Theology and Religious Studies is ever relevant in a world where religious belief is a driving force behind social and political events. Anyone operating internationally requires an understanding of the importance of religion and its cultural contexts. The course engages with various disciplines from the perspectives of the history, practice and thought of the major world religions of Christianity, Judaism, Islam, Hinduism and Buddhism.
Career options for arts and humanities graduates: jobs you can do with a degree in arts and culture, languages, English, Irish, classics, philosophy, theology, performing arts etc.
If you are graduating with a degree in arts or humanities, it's likely that you chose your subject for its own sake rather than as a means to an end or with a view to going into a particular career.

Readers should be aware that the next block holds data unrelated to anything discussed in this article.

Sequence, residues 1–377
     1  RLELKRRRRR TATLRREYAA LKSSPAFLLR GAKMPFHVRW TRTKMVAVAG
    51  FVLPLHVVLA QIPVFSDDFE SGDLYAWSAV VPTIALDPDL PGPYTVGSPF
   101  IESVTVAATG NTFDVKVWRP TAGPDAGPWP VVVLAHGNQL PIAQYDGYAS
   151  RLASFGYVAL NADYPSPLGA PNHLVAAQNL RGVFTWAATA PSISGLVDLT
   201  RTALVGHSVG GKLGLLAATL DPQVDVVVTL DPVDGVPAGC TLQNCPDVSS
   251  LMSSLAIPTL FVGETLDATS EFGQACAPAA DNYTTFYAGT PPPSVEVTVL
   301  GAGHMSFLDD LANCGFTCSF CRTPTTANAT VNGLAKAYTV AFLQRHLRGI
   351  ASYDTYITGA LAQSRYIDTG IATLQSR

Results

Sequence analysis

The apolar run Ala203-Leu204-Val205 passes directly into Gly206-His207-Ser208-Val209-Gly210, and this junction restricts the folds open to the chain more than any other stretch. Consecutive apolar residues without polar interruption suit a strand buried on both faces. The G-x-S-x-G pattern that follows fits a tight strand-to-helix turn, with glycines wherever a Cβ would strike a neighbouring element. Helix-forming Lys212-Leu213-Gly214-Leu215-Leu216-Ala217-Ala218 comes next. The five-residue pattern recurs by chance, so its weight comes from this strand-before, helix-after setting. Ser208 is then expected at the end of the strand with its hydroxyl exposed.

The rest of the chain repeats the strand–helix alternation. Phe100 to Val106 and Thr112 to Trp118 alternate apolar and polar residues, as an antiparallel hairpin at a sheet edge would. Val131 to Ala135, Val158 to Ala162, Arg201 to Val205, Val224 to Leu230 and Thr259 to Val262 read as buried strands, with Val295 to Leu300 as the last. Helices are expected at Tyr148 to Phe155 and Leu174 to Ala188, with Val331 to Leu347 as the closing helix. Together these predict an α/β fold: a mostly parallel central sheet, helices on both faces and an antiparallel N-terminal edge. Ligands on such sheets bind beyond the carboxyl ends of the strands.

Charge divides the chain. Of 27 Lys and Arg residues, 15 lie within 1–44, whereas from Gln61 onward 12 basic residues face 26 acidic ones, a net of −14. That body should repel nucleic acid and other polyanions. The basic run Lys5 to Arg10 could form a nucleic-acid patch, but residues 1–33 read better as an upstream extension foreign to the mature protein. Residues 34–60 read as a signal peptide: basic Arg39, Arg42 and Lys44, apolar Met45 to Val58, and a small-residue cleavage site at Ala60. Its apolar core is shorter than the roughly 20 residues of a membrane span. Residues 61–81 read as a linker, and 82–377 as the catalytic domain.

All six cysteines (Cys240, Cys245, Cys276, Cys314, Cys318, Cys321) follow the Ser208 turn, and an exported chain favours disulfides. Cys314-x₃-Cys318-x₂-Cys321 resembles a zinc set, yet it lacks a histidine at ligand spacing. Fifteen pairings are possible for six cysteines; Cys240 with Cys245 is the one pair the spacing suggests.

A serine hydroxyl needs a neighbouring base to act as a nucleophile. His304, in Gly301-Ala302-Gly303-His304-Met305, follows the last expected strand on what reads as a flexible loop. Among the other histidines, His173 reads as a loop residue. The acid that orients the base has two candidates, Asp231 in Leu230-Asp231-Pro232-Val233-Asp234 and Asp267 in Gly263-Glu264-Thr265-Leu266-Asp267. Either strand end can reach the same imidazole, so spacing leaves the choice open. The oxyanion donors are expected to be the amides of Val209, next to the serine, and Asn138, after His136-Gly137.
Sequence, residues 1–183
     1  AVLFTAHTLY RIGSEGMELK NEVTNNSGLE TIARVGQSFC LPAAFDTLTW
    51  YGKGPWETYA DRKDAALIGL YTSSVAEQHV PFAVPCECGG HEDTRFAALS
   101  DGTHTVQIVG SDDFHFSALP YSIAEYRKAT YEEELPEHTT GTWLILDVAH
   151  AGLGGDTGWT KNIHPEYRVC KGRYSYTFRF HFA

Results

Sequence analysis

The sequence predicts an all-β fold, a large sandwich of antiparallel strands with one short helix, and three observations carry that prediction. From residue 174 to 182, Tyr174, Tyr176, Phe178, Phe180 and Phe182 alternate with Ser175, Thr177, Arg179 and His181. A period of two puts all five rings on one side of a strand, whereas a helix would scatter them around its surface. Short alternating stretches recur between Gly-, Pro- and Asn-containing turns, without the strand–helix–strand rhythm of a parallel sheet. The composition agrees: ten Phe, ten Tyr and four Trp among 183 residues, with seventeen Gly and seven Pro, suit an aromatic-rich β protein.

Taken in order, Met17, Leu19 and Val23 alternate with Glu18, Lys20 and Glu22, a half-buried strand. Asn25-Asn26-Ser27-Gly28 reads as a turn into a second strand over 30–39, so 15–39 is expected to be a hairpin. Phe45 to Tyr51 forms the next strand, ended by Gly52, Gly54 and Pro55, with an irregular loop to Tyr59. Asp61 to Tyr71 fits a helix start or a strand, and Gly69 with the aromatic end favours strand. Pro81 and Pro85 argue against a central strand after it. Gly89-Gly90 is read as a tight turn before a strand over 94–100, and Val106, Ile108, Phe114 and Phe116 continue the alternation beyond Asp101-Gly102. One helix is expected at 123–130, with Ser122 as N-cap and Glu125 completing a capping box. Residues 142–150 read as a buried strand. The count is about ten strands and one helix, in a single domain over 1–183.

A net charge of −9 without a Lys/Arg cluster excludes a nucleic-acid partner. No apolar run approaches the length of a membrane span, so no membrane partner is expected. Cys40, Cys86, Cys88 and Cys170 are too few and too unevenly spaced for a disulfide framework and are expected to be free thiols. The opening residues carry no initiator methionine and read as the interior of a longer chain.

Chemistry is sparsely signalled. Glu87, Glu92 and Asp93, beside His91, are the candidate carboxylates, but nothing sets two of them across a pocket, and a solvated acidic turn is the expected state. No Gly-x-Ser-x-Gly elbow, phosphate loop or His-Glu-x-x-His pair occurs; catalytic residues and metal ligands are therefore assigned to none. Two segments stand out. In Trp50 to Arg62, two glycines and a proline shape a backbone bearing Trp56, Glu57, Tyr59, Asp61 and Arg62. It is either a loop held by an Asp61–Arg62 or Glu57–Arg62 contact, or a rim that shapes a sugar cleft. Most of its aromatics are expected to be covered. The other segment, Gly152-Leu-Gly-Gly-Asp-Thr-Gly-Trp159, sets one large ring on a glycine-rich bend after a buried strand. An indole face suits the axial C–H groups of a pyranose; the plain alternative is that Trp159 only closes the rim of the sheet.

Apart from teaching, there are very few career areas directly related to humanities graduates who wish to use their subject. That does not mean, though, that your career is not relevant to your job search.
The Theology and Religious Studies course at Cambridge involves the study of sacred texts (including biblical studies), philosophy, sociology, history, language, literary criticism, and the construction of ideas. Students have considerable freedom to create a varied programme of study by selecting from this breadth of topics. However, those who prefer to specialise in one area are equally able to follow a particular pathway.
Academic Entry Requirement
Typical offers for applicants being indexed on a scale within the Australian Tertiary Admissions Rank (ATAR) would be based on a rank of 98.5 overall together with documentation of similar performance in relevant individual subjects. These depend on the course applied for, and will be set by the Colleges. For many courses, a top result in mathematics at the highest academic level will form part of any offer, and this can apply to such courses as Economics, Engineering and Natural Sciences, as well as Mathematics itself.